Think-tank unveils new vision for housing in the UK
Published by Jon Land for 24dash.com in Housing
Think-tank unveils new vision for housing in the UK
A radical vision for the future of housing in the UK was today unveiled by the Institute for Public Policy Research (IPPR).
The left-leaning think-tank uses the 'Together at Home' report to promote the "social value of home ownership" by expanding the opportunities for people to own their home.
The report, written by Andy Hull and Graeme Cooke, says fundamental reform of the current housing system is required to create the right conditions for their new vision of home ownership to prosper, with the under-supply of new housing and affordability two of the most significant barriers.
It also calls for reform of the private and social rented sectors to ensure that those not interested in home ownership can live in decent, secure and affordable housing.
The IPPR's vision includes:
- Identifying new sources of finance to support more house building by:
– creating and capitalising a national investment bank
– encouraging local authority pension funds (worth over £150 billion nationally) to invest in new housing
– imposing capital gains tax and a new annual holding tax of two per cent of the property’s value on overseas buyers of English second homes worth £2 million or more (measures on which the government is currently consulting)
– adopting fiscal rules and accounting practices based on general government rather than public sector debt to enable local authorities to leverage their assets and income
– prioritising government housing capital expenditure by allocating £750 million more to it each year in the next spending review than in the current spending round (using the revenue generated by recent and proposed reforms to the tax regime for the buyers, sellers and owners of very expensive properties in order to invest while the cost of capital to government is low).
- Shaking up the development industry to raise housing output by:
– allowing failing developers to go to the wall, with government then acting as a clearing house for their land banks
– insisting on rapid build-out and lower profit margins through public land programmes
– encouraging local councils and the mayor of London to release more public land for house building in return for equity stakes that secure public benefit.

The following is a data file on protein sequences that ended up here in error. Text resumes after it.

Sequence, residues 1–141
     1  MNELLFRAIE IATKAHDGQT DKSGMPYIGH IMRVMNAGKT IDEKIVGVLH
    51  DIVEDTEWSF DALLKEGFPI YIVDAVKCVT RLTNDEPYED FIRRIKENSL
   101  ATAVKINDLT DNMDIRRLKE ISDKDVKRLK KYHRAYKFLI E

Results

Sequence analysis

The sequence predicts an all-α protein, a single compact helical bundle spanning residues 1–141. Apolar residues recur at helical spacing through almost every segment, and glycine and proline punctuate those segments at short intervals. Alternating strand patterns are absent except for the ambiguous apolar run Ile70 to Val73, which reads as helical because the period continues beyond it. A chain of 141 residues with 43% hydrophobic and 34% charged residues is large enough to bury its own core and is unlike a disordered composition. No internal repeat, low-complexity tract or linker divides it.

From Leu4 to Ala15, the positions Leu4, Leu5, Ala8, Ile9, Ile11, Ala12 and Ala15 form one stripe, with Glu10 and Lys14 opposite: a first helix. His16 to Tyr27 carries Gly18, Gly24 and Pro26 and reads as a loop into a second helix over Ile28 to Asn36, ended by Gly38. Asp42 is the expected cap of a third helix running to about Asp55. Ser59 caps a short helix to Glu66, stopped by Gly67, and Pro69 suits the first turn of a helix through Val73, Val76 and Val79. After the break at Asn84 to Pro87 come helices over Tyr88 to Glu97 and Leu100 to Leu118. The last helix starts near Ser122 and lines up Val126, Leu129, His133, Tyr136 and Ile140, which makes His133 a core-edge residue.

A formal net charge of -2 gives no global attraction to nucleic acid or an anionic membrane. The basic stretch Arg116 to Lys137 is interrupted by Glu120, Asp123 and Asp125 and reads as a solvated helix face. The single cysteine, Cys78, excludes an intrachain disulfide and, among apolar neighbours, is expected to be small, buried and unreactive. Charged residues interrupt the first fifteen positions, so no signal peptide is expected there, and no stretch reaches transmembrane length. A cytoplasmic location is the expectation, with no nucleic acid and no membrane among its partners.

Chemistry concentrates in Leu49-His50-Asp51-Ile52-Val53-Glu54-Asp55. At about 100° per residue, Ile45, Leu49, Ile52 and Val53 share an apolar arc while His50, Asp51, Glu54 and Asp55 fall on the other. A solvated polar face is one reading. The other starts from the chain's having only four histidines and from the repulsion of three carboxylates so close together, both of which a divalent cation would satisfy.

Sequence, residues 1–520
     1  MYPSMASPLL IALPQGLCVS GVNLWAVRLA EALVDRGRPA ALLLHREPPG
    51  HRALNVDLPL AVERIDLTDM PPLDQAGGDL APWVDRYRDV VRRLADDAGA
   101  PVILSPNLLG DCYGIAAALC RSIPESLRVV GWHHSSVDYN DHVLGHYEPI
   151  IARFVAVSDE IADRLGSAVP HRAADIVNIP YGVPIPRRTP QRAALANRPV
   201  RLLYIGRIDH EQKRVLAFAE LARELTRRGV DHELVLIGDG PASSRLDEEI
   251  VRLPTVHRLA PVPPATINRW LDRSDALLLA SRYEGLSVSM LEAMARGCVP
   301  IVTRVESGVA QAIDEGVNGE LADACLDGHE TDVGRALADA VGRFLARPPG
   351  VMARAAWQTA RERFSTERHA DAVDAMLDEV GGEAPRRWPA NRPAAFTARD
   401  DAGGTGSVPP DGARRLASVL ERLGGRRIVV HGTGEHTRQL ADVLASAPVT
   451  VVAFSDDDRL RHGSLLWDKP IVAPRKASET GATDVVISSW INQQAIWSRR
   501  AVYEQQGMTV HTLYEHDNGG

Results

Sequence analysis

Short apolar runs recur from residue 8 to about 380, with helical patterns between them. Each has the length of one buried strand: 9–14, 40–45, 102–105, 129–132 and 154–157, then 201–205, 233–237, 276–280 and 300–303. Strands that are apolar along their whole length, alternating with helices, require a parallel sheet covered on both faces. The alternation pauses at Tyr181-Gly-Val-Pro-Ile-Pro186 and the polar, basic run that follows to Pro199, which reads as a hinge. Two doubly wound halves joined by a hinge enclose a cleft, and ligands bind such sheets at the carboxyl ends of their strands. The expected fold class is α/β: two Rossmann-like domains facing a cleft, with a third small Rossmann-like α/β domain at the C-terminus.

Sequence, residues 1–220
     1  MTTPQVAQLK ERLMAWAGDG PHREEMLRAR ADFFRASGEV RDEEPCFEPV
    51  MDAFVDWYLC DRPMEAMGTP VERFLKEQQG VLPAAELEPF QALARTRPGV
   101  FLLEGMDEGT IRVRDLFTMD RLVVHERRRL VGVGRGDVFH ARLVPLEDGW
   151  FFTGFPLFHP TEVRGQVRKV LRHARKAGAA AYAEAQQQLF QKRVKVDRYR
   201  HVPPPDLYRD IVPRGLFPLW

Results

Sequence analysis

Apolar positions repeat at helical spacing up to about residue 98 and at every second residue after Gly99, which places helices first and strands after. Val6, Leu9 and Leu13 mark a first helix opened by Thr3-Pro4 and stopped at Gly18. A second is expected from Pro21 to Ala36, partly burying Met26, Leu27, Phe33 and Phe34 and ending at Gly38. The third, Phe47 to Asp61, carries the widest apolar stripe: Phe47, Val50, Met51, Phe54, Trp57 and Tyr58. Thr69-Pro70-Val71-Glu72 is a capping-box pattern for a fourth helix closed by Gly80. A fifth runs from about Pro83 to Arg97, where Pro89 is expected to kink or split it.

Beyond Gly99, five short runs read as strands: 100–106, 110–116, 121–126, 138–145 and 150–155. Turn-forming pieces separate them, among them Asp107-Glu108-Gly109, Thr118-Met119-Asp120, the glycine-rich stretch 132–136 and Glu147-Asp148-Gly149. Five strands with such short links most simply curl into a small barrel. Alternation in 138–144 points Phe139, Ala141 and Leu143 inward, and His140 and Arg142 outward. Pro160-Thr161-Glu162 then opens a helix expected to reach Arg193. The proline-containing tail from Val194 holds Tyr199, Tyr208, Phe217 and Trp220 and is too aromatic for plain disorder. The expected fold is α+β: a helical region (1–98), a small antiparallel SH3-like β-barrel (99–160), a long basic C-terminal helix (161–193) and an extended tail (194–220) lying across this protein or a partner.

- Reforming the mainstream planning system to enable more development by:
– reclassifying for development purposes some low-grade greenbelt land (such as low-value agricultural land and land that has previously been developed)
– allowing local authorities to charge higher planning fees in return for an expedited planning process
– ensuring that councils produce joined-up local plans with neighbouring authorities
– levying a land value tax on all undeveloped developable land above £2 million in value to encourage new building and raise funds for housing investment.
- Establishing a parallel strategic planning system to deliver a new wave of new towns by separating the processes of land acquisition and house building.
The report states: "Important as infill and densification of our existing towns and cities is, it will not by itself be enough to deliver new homes at the volumes the country needs.
"‘New Towns’ programmes in the past have seen the highest level of new house building in this country since the second world war. Notwithstanding the formidable political obstacles and economic constraints such a policy would now face, we propose to reform and revitalise this proven approach, rendering it fit for today’s political and economic landscape."
- Regulating the mortgage market to reduce the risk of a housing bubble by:
– asking the Financial Services Authority to cap the loan-to-value ratio for mortgages at 95 percent